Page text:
Whey protein is probably the most common supplement in the world, next to multivitamins. And why shouldn’t it be; it is, after all, an efficient way, both from a time and cost perspective, for you to get your daily requirements of protein. This is especially true if you are on a high protein diet.
But being such a common and generic supplement, it can be hard to differentiate between brands. Many companies try to add more and more ingredients to their whey protein to stand out from the pack; we have seen additional BCAAs, creatine, digestive enzymes etc. But there’s one company that’s doing the exact opposite; it’s actually taking out ingredients from its whey protein.
That company is Naked Nutrition. Based in Florida, Naked Nutrition aims to target a common weakness of the supplement industry: its overhyped marketing and gimmicks. If you’ve been in the fitness world for any amount of time, then you know what we are talking about.
Unfortunately, the supplement industry is largely unregulated by the FDA, which is why you get all sorts of bombastic claims on the labels and in their marketing.
As such, all of Naked Nutrition products are remarkably low on hype. The company tries to focus on using the purest ingredients possible while maintaining the highest amount of transparency in its labeling and claims.
Today we will be looking at the Naked Nutrition’s whey protein offering: Less Naked Whey Protein. We will give you a detailed breakdown as to what goes into this product, its pros and cons, and whether or not it is worth your hard-earned money.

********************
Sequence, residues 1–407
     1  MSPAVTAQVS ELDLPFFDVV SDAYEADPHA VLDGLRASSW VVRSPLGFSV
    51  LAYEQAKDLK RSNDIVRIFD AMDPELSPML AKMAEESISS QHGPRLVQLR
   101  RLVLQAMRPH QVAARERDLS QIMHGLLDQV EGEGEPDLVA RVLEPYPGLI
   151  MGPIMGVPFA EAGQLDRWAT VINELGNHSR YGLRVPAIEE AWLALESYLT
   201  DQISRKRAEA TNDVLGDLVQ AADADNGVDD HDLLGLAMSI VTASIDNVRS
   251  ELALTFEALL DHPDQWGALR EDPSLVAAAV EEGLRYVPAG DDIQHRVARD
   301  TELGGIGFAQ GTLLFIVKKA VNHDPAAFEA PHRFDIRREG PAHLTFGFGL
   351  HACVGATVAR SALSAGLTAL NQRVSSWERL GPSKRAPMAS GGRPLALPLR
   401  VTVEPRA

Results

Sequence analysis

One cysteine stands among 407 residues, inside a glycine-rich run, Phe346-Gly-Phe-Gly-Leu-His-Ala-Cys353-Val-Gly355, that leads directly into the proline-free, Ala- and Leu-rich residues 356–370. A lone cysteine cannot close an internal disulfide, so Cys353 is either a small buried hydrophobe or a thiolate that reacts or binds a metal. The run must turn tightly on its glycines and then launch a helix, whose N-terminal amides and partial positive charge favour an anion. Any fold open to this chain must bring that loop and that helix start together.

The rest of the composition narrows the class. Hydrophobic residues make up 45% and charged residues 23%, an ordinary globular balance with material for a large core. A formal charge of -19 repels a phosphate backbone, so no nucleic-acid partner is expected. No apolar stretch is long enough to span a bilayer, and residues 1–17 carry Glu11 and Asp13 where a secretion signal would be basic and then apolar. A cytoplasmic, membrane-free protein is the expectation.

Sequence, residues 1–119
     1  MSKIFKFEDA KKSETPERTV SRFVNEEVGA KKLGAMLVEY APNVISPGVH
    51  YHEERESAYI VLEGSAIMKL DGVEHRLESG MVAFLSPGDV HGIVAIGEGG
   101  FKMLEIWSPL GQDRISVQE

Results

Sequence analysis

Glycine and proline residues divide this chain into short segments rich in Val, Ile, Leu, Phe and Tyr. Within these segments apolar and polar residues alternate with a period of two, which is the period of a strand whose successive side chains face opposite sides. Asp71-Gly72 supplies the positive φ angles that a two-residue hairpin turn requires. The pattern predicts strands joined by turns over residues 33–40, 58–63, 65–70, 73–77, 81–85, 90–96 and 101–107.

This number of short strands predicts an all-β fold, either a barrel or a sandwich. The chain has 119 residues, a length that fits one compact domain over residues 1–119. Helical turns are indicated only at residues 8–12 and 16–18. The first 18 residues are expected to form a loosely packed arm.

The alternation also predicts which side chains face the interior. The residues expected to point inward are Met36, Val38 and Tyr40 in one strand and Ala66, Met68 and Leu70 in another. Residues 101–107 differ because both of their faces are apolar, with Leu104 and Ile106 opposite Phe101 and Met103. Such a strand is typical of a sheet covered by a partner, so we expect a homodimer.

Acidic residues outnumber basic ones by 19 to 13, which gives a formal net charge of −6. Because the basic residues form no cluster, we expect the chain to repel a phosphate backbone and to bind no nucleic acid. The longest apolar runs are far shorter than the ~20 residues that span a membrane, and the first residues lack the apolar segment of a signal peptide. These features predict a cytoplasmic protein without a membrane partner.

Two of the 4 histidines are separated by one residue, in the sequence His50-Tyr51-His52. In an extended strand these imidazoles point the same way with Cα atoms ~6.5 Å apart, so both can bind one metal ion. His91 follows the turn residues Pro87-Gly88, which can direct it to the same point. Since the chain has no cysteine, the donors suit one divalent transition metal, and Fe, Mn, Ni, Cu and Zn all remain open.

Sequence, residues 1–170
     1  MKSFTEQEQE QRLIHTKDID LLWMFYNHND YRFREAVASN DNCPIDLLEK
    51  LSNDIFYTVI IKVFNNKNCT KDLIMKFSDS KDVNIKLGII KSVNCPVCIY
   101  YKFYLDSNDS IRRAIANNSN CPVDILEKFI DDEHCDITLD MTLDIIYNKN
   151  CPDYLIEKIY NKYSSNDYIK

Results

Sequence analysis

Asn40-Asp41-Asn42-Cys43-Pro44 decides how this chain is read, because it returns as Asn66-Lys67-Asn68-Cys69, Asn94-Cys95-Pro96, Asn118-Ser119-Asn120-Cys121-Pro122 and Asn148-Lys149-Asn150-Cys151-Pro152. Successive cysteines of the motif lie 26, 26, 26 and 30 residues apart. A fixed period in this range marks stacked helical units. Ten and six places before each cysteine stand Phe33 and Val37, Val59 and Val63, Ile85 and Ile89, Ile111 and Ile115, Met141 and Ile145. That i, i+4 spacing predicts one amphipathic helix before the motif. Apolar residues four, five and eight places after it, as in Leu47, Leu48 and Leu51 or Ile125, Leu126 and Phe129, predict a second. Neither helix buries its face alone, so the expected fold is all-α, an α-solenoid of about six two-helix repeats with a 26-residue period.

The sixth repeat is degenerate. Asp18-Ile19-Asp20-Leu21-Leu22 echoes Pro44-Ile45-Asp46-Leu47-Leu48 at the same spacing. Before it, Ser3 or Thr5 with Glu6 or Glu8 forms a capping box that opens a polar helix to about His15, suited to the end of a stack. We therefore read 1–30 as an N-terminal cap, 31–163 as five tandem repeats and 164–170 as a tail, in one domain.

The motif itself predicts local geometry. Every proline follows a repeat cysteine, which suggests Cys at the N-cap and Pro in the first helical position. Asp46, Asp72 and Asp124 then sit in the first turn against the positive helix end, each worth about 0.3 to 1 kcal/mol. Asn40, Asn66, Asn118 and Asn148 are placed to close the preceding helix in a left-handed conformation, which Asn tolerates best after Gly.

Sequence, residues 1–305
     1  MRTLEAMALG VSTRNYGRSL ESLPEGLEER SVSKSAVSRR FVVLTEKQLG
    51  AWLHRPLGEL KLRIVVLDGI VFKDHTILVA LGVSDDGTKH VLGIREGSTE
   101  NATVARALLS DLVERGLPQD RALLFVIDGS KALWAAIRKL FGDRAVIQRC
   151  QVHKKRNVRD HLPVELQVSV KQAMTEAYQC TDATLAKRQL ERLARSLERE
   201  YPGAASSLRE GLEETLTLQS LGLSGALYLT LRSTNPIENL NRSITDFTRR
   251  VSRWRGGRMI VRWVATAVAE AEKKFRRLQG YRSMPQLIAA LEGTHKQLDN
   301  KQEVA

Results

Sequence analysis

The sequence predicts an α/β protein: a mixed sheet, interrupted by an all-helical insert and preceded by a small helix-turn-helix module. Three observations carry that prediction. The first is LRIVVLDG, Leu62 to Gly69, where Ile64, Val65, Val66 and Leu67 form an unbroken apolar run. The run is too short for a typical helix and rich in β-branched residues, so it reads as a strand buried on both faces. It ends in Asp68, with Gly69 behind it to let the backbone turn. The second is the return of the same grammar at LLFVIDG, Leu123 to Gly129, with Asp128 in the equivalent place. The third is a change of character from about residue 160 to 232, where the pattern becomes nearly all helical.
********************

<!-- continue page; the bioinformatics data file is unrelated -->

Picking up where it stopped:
Less Naked Whey Protein Review
Less Naked Whey Protein is to be used as any normal whey protein supplement. Its main selling points are that its whey comes from grass-fed cows, there is less processing involved in its ingredients and full transparency in its labeling.
The package of Less Naked Whey Protein proudly displays all the ingredients (only three of them) prominently on the front, with the words ‘With Nothing To Hide’ boldly emblazoned beneath them.
And if you were wondering why the product is called ‘Less Naked Whey’ the answer is that the ‘Less Naked’ labeling goes for its flavored whey protein products. The unflavored whey protein variant (which has only one ingredient) is the Naked Whey Protein.
Here are the basics of what goes into Less Naked Whey Protein, presented on a per serving basis.
|Chocolate Flavor||Vanilla Flavor||Strawberry Flavor|
|Serving Size||38g (2 scoops)||38g (2 scoops)||38g (2 scoops)|
|Servings per Container||60||60||60|
|Calories||160 calories||150 calories||150 – 160 calories|
|Carbohydrates||8g (1g dietary fiber)||8g (0g dietary fiber)||8g (1g dietary fiber)|
|Fat||3g (1.5g saturated fat)||2g (0.5g saturated fat)||2g (0.5g saturated fat)|
At 25g of protein per serving, making up over 65% of total calories, Less Naked Whey Protein has a very good amount of protein per serving. When compared to your typical whey protein powder, which has about 20 – 25g of protein per serving, Less Naked Whey Protein’s protein content places it on the high end of the range, which is great.
The whey protein in the product comes from grass-fed whey protein concentrate sourced from small dairy farms based in the United States. As you know, whey protein is derived from cow’s milk, as a byproduct of the cheese manufacturing process.
Most cows are commercially raised, and their primary diet is grain, not grass. The main benefits that grass-fed cows have over grain-fed ones are higher beneficial fatty acids content, namely Conjugated Linoleic Acids (“CLA”) and Omega-3 fatty acids.
In addition to a higher beneficial fatty acid content, there is also the organic factor. Being raised in a less commercial environment, grass-fed cows are also given fewer or no growth hormones so common in commercial cattle raising. In fact, Less Naked Whey Protein proudly boasts that it is ‘Growth Hormone Free, no rBGH or rBST’.
For your information, rBGH stands for Recombinant Bovine Growth Hormone and rBST is Recombinant Bovine Somatotropin. Both rBGH and rBST are used to increase milk production in cows. While they were approved by the FDA in 1993, their use is banned in the European Union and Canada.